Further, your solution should enable them to collect and analyze technical forensic data so they can correlate it with other information like:

  • RAM information from servers
  • Traffic information from network devices
  • Data transferred to an FTP server

With a solution that can capture network packet data, your team can trace an attack back to its root cause faster. Moreover, you have all the information necessary for providing reports to law enforcement so they can work to identify the malicious actor. 

Asimily: Enhanced IIoT Security to Mitigate Cyber Attack Risks

Asimily provides holistic context into an organization’s environment when calculating Likelihood-based risk scoring for devices. Our vulnerability scoring considers the compensating controls so you can more appropriately prioritize remediation activities.

Organizations efficiently identify high-risk vulnerabilities with our proprietary, patented algorithm that cross-references vast amounts of data from resources like EPSS (Exploit Prediction Scoring System), Software Bills of Material (SBOMs), Common Vulnerability and Exposure (CVE) lists, the MITRE ATT&CK Framework, and NIST Guidelines. It understands your unique environment, so our deep contextual recommendation engine can provide real-time, actionable remediation steps to reduce risk and save time.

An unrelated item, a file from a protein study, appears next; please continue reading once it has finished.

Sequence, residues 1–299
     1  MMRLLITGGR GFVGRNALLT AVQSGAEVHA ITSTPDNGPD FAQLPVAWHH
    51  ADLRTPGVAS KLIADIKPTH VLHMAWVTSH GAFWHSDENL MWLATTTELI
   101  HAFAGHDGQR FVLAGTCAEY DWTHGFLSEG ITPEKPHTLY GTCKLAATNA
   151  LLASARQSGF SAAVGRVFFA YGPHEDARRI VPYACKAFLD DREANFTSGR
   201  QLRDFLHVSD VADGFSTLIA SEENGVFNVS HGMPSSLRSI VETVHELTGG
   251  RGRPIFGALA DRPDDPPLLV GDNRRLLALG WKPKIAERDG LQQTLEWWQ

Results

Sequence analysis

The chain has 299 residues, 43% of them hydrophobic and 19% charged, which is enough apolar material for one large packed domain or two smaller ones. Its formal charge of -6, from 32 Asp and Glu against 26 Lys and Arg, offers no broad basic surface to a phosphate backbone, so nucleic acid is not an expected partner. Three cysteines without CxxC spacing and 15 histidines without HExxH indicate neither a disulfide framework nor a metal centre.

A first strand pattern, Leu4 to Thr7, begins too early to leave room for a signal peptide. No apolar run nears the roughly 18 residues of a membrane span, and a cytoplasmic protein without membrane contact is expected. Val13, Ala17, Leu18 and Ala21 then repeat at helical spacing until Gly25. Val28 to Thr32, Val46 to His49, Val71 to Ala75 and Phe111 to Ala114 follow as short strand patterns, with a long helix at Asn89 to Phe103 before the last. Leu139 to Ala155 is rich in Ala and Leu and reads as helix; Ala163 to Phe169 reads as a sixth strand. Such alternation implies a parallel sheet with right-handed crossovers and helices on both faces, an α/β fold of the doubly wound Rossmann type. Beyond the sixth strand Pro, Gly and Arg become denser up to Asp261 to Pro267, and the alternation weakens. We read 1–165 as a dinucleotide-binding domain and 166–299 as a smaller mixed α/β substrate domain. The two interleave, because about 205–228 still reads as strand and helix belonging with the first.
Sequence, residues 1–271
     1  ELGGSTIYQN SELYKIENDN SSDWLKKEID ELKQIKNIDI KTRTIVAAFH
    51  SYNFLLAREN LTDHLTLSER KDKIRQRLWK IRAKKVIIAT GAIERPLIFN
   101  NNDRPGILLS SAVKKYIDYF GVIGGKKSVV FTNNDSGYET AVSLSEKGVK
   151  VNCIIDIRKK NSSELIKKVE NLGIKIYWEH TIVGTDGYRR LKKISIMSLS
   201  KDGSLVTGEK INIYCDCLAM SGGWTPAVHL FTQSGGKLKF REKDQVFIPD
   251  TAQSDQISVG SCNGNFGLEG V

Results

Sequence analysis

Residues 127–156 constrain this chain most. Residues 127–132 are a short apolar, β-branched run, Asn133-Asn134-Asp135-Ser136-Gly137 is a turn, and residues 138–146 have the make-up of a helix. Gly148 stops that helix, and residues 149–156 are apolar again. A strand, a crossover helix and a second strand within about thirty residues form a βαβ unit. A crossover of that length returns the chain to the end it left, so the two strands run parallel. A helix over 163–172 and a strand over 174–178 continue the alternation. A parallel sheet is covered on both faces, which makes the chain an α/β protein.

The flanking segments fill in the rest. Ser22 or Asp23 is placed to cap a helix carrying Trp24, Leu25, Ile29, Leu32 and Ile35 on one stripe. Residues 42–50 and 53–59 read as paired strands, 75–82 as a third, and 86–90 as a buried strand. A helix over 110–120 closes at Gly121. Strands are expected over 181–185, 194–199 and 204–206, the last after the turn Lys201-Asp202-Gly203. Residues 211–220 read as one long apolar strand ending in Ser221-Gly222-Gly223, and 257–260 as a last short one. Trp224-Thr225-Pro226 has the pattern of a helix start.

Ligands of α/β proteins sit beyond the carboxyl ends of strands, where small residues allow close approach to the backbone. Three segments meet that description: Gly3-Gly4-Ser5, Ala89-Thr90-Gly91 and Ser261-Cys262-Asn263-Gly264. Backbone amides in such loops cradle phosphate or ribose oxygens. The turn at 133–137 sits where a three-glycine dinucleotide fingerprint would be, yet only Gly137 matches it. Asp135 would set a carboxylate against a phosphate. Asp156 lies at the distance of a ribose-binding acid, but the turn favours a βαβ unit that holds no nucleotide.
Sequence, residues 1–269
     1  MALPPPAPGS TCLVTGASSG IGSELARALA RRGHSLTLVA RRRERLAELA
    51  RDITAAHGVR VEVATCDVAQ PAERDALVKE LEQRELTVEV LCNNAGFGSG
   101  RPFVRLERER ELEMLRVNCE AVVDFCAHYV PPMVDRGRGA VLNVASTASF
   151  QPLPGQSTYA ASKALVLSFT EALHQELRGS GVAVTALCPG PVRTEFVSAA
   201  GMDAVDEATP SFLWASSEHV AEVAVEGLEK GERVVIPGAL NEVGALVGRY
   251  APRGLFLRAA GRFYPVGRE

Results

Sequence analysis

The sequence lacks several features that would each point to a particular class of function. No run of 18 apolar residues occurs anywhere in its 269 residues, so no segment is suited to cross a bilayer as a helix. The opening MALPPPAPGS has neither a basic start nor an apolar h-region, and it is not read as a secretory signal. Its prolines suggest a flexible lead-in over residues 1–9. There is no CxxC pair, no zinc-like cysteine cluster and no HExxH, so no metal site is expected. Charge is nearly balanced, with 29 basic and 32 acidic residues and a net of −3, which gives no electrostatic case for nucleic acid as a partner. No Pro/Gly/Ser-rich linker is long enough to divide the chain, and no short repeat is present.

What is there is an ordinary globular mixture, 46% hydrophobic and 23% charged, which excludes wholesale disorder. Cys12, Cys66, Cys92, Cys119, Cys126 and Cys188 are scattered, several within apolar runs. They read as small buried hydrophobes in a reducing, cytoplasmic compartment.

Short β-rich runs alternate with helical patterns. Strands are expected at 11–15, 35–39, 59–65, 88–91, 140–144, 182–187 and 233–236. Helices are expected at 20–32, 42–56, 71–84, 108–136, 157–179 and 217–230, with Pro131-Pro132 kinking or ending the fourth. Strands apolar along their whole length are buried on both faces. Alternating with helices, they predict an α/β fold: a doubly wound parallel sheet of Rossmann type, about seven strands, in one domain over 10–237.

Asimily customers are 10x more efficient because the engine can pinpoint and prioritize the top 2% of problem devices that are High-Risk (High Likelihood of exploitation and High Impact if compromised). Asimily’s recommendations can easily be applied in several ways, including through seamless integration with NACs, firewalls, or other network enforcement solutions.

Schedule a consultation with an Asimily expert to see how you can efficiently prioritize and remediate vulnerabilities with the leading lIoT risk management platform.